Section: Scientific Foundations
In large vessels and in large bronchi, blood and air flows are generally supposed to be governed by the incompressible Navier-Stokes equations. Indeed in large arteries, blood can be supposed to be Newtonian, and at rest air can be modeled as an incompressible fluid. The cornerstone of the simulations is therefore a Navier-Stokes solver. But other physical features have also to be taken into account in simulations of biological flows, in particular fluid-structure interaction in large vessels and transport of sprays, particles or chemical species.
Fluid-structure coupling occurs both in the respiratory and in the circulatory systems. We focus mainly on blood flows since our work is more advanced in this field. But the methods developed for blood flows could be also applied to the respiratory system.
Here “fluid-structure interaction” means a coupling between the 3D Navier-Stokes equations and a 3D (possibly thin) structure in large displacements.
The numerical simulations of the interaction between the artery wall and the blood flows raise many issues: (1) the displacement of the wall cannot be supposed to be infinitesimal, geometrical nonlinearities are therefore present in the structure and the fluid problem have to be solved on a moving domain (2) the densities of the artery walls and the blood being close, the coupling is strong and has to be tackled very carefully to avoid numerical instabilities, (3) “naive” boundary conditions on the artificial boundaries induce spurious reflection phenomena.
Simulation of valves, either at the outflow of the cardiac chambers or in veins, is another example of difficult fluid-structure problems arising in blood flows. In addition, we have to deal with very large displacements and changes of topology (contact problems).
Because of the above mentioned difficulties, the interaction between the blood flow and the artery wall has often been neglected in most of the classical studies. The numerical properties of the fuid-structure coupling in blood flows are rather different from other classical fluid-structure problems. In particular, due to stability reasons it seems impossible to successfully apply the explicit coupling schemes used in aeroelasticity.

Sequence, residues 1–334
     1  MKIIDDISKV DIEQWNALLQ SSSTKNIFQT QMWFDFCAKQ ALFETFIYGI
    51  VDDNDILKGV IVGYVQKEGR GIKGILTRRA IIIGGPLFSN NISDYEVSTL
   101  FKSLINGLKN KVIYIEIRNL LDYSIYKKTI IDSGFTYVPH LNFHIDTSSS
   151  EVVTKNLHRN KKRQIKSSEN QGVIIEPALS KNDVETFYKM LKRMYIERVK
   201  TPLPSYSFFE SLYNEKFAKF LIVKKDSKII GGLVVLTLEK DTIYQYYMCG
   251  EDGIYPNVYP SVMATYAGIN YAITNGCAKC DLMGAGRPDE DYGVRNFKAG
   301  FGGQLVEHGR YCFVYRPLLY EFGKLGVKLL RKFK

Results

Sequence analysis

As a result, fluid-structure interaction in biological flows raise new challenging issues in scientific computing and numerical analysis : new schemes have to be developed and analyzed.
Complex two-phase fluids can be modeled in many different ways. Eulerian models describe both phases by physical quantities such as the density, velocity or energy of each phase. In the mixed fluid-kinetic models, the diphasic fluid has one dispersed phase, which is constituted by a spray of droplets, with a possibly variable size, and a continuous classical fluid.
This type of model was first introduced by Williams  in the frame of combustion. It was later used to develop the Kiva code  at the Los Alamos National Laboratory, or the Hesione code  , for example. It has a wide range of applications, besides the nuclear setting: diesel engines, rocket engines  , therapeutic sprays, etc. One of the interests of such a modeling is that various phenomena on the droplets can be taken into account with an accurate precision: collision, breakups, coagulation, vaporization, chemical reactions, etc. , at the level of the droplets.
The model usually consists in coupling a kinetic equation, that describes the spray through a probability density function, and classical fluid equations (typically Navier-Stokes). The numerical solution of this system relies on the coupling of a method for the fluid equations (for instance, a finite volume method) with a method fitted to the spray (particle method, Monte Carlo).
We are mainly interested in modeling therapeutic sprays either for local or general treatments. The study of the underlying kinetic equations should lead us to a global model of the ambient fluid and the droplets, with some mathematical significance. Well-chosen numerical methods can give some tracks on the solutions behavior and help to fit the physical parameters which appear in the models.